ICC celebrates black heritage through engagement and teaching
ICC celebrates black heritage through engagement and teaching
Bryant Smith spoke on the way that racism can be fed by the media. BRE KINGSLEY | THE HARBINGER
Bryant Smith spoke on the way that racism can be fed by the media.

EAST PEORIA — This February, Illinois Central College took the opportunity to celebrate Black History Month by spreading both knowledge and understanding about the Black Community through the use of various media.

At noon on February 11 at the East Peoria Campus, there was a presentation called “The Media’s Assault on Black Images” presented by visiting professor and author Bryant K. Smith, who holds a master’s degree in communications and has taught at the collegiate level for several years.

The presentation opened with Smith revealing to the audience that “what [we] have learned up until this point about [black people] may not be true” and that “the media is portraying [them] incorrectly.”

To validate his points, Smith showed the audience an edited clip from the Fox News Network where a young child of color had stated that he wanted to own a gun, implying to the audience that the child wanted to be a gangster. However, the unedited clip reveals that the reason the child wanted to own a gun was because he wanted to be part of the police force when he grew up.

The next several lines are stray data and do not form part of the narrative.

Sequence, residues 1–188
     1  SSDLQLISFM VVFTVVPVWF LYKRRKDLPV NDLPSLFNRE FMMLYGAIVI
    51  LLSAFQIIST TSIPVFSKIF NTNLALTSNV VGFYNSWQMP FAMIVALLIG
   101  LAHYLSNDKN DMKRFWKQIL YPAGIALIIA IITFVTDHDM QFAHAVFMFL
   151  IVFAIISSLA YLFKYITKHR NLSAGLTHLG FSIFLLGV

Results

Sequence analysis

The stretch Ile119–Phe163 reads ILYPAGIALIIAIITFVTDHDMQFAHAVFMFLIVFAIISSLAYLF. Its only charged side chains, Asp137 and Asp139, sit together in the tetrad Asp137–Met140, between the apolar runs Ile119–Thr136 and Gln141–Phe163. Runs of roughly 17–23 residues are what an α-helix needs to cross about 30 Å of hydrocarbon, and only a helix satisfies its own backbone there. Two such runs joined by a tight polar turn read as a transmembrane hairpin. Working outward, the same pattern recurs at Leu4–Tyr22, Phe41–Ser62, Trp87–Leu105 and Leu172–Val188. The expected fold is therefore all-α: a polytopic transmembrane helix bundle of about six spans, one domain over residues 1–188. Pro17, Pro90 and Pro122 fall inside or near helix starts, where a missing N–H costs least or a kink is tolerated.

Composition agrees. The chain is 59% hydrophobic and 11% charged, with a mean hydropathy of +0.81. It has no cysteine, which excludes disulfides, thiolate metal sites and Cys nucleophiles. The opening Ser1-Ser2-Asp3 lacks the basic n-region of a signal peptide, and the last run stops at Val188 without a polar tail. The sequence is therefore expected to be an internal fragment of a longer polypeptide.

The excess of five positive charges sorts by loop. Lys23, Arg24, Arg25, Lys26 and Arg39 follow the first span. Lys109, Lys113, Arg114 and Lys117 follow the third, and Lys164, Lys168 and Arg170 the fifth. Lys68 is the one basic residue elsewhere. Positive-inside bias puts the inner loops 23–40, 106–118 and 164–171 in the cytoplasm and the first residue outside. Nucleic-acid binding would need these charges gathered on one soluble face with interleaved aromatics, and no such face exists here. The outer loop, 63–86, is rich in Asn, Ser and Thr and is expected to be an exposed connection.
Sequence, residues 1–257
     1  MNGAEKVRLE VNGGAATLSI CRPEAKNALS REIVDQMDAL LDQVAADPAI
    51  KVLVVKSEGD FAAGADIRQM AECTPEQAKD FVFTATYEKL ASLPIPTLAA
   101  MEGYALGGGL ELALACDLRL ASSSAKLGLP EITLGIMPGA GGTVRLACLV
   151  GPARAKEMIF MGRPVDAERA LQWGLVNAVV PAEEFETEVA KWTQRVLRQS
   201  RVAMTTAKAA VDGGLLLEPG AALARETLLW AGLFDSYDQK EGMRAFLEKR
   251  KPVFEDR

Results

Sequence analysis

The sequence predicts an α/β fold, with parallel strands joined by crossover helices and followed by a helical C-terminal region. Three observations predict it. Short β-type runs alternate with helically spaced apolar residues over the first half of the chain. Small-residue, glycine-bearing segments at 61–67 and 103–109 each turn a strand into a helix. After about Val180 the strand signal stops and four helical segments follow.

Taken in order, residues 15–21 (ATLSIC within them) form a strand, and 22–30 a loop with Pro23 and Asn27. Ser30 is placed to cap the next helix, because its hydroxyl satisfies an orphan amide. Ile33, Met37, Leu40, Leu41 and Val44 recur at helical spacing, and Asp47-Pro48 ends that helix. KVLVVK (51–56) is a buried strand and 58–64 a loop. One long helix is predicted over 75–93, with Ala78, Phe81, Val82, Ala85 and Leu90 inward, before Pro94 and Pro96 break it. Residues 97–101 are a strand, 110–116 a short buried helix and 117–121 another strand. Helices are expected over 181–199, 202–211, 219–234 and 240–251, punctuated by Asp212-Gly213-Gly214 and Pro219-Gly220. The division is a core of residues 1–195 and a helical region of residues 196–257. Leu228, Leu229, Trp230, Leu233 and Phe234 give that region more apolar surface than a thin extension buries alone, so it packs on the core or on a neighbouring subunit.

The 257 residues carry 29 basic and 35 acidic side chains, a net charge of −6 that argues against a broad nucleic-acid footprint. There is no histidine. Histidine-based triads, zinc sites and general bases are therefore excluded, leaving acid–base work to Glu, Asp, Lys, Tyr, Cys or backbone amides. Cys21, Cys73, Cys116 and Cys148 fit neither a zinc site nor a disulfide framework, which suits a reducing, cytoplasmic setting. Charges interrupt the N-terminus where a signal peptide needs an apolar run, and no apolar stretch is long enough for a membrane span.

Smith informed the audience that this kind of racism was not necessarily a new phenomenon in America. According to Smith, racism in mainstream American pop-culture has been a trend since Quaker’s syrup brand Aunt Jemima (c. 1893) and the book Black Sambo by Helen Bannerman (c. 1899) first made their appearances and gained popularity.

This kind of racism has evolved over time, as Smith later revealed that “contemporary pop culture says that all black people aspire to be rappers or have some sort of drug background.”

Smith also said that he himself grew up watching a cartoon called Speedy Gonzales, a show directed at children which depicts frequent racist Mexican stereotypes, and that because of this “it’s a wonder [he’s] not more racist than [he is].”

At the end of the presentation Smith provided a list of steps ICC students can take to combat these instances of contemporary racism. The first step students can take would be to reduce mainstream media sources such as Fox News or CNN and instead watch independent news sources such as Al Jazeera. It is also recommended that students try to advocate for fairness in portrayals in the mainstream media.

The second step students can take to combat this issue would be to identify biases in both school environments and places of work, where they are then encouraged to work to eliminate them. The final steps in this list would be for students to both travel more and to work to diversify their friendships and experiences.